The Time A Black Bear Nearly Set Off A Nuclear War

Photo Credit: R. Krubner/ClassicStock/Getty Images | US Air Force
Photo Credit: R. Krubner/ClassicStock/Getty Images | US Air Force

At the height of the Cold War, one adventurous black bear nearly set World War III in motion. With tensions high due to the Cuban missile crisis, the world was teetering on the razor’s edge — and things nearly turned out much worse than many could have imagined.

In October of 1962, the Cold War reached one of its hottest moments when the Soviet Union began placing nuclear missiles in Cuba, in response to the U.S. placement of nuclear missiles in Turkey and Italy. These events culminated in a naval ‘blockade’ around Cuba, officially named a quarantine, preventing the Soviets from sending more nuclear missiles. This tense showdown between the two most powerful superpowers is regarded as the closest the world has ever come to full-scale nuclear war.

The black bear was not a member of the Red Army

The situation was so dire that most of the U.S. military was on DEFCON 3, and the Strategic Air Command, which handled most of the U.S. nuclear arsenal, was on DEFCON 2, just one down from a nuclear war.

During this time, all military personnel were on edge, anxiously waiting for the crisis to be resolved, whether by peace or war. Such chaotic and unpredictable times can cause people to become jumpy, which is exactly what happened on the night of October 25th, 1962, when an encounter at the Duluth Air Force Base nearly set off WWIII.

Duluth Air Force Base, as it was known at the time, was holding around 130 nuclear weapons during the crisis, so security was tight.

In the darkness of the night, a sentry at the base noticed a shadowy figure, seemingly attempting to climb the perimeter fence. Assuming it was a Soviet saboteur, he fired shots at the figure before sounding the sabotage alarm.

This alarm was connected to neighboring bases, notifying them of the trouble. The sentry quickly realized the figure was not a Soviet saboteur but in fact a slightly less terrifying black bear. Noticing his mistake, he promptly reported the incident, and the alarms were canceled.

bears looking into car at yosemite park, and airmen scrambling to their planes (unrelated)
Black bear cubs investigate a car at Yosemite Park. (Photo Credit: R. Krubner / ClassicStock / Getty Images)

At the Volk Field Air National Guard Base, some 200 miles away, the situation was much less relaxed. This smaller base had been rushed into service for F-106 Delta Dart interceptors in response to the ongoing Cuban Missile Crisis. It was so small that it didn’t even have a control tower. Unknowingly to those at the time, in the haste of its construction, an engineer had crossed the alarm wires from the Duluth Air Force Base to Volk Field.

Instead of triggering the alarm that would notify them of an intruder at the nearby base, Volk Field had their ‘scramble’ alarm triggered instead, alerting the pilots to board the aircraft and prepare for imminent combat.

With F-106s armed with nuclear-tipped Genie missiles that could wipe out an entire squadron of Soviet bombers preparing for takeoff, and with all those on the base under the belief WWIII was beginning, it appears an officer decided to make a call directly to Duluth Air Force Base to check if the alert was indeed real. This is according to one of the many variations on the story.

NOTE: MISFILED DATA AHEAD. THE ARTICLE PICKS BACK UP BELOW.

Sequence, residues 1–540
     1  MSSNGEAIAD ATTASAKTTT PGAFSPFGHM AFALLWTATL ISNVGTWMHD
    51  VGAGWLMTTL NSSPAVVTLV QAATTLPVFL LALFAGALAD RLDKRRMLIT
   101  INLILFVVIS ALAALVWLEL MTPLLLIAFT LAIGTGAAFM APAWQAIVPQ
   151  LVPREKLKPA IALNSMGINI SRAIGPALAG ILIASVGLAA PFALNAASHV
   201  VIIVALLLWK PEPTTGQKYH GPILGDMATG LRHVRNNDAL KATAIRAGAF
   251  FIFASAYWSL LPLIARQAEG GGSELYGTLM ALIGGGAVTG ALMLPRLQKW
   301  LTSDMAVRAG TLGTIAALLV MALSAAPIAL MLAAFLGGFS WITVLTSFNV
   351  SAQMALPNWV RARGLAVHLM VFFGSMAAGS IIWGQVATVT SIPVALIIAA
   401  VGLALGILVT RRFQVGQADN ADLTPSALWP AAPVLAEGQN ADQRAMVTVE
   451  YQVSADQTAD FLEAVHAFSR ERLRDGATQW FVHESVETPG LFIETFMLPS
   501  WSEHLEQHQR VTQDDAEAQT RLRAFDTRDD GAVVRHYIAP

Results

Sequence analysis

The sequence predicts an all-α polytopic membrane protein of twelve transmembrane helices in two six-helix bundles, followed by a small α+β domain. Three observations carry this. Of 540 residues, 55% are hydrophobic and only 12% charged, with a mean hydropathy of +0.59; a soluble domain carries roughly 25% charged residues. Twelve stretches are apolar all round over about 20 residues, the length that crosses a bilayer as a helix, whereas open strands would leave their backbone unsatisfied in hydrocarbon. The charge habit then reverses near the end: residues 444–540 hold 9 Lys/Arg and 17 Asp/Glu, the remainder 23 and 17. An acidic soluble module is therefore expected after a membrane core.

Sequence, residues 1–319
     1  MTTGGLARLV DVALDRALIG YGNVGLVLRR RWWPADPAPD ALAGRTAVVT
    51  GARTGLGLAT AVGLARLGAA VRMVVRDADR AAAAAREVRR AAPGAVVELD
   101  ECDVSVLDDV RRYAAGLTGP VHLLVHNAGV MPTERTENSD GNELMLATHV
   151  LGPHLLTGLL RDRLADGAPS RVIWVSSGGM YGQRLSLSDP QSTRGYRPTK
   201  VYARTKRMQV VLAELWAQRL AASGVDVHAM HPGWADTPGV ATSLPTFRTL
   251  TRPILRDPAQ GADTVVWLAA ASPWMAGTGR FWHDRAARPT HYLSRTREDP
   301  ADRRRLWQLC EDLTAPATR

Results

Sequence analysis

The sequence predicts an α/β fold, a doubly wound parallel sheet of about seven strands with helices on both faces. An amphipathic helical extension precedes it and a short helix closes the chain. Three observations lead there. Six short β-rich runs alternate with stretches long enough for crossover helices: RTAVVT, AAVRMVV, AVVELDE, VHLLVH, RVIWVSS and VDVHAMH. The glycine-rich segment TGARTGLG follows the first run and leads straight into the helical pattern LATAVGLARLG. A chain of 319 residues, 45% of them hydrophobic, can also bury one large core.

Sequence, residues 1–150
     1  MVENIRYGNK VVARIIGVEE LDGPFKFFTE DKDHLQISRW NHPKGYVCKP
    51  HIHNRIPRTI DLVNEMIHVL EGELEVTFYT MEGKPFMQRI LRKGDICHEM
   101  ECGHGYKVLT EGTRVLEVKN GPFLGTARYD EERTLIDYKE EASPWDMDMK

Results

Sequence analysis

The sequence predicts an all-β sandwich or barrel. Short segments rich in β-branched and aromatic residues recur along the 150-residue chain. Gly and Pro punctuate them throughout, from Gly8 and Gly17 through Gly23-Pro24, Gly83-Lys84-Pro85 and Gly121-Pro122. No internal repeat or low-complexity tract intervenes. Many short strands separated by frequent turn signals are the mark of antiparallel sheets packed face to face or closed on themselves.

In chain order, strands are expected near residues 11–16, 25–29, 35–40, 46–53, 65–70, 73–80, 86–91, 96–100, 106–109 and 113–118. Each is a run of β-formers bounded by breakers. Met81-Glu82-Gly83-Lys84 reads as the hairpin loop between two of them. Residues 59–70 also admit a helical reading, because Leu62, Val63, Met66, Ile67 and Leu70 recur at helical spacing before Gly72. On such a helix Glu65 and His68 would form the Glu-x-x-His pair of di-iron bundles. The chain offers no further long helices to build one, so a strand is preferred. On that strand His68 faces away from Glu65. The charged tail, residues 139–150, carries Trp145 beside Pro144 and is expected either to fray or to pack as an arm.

Thankfully, cooler heads prevailed, and the alert was canceled. A Jeep drove out in front of the taxiing aircraft with lights flashing to prevent their takeoff.

So, while the scrambled aircraft would likely have been notified of the mistake before they made any progress in the air, with the large numbers of U.S. bombers in the air during the crisis, the scrambled jets could have accidentally targeted friendly aircraft.

Mistakes involving nuclear arms were surprisingly common

With such high stakes, it is hard to believe such trivial errors can occur, but as has since been discovered, both the U.S. and Soviet Union have an uncomfortably long list of mistakes involving nuclear weapons, with the U.S. alone losing six, none of which were ever found.

Another incident with a nuclear weapon occurred in 1958, when a B-47 Stratojet accidentally released a nuclear bomb, which fell and landed in the Gregg family’s garden in Mars Bluff, South Carolina. The nuclear stage didn’t detonate, but the high explosives did, totally destroying the family’s home. Luckily, the family only suffered minor injuries.

Then in 1961, a B-52 carrying two 24 megaton bombs disintegrated in mid air over Goldsboro, North Carolina, in what is now known as the Goldsboro Incident. One of the bombs fell 10,000 feet before slamming into ‘waterlogged farmland.’

After recovering the bomb, it was discovered that five of the six safety mechanisms had failed, leaving just one safety switch stopping the bomb exploding, which would have been 3,700 times more powerful than the one over Hiroshima.

More from us: ‘The Man Who Saved the World’ – The Russian Who Avoided WWIII

The Soviets are guilty of negligence with their weapons, too, having lost more than 100 bombs, according to some estimates.

The fact that in this case, a completely unaware black bear almost started a nuclear catastrophe is both amusing and terrifying, and it shows that even during the most tense and critical moments, small mistakes are made which can lead to total devastation.

Jesse Beckett

Jesse Beckett is one of the authors writing for WAR HISTORY ONLINE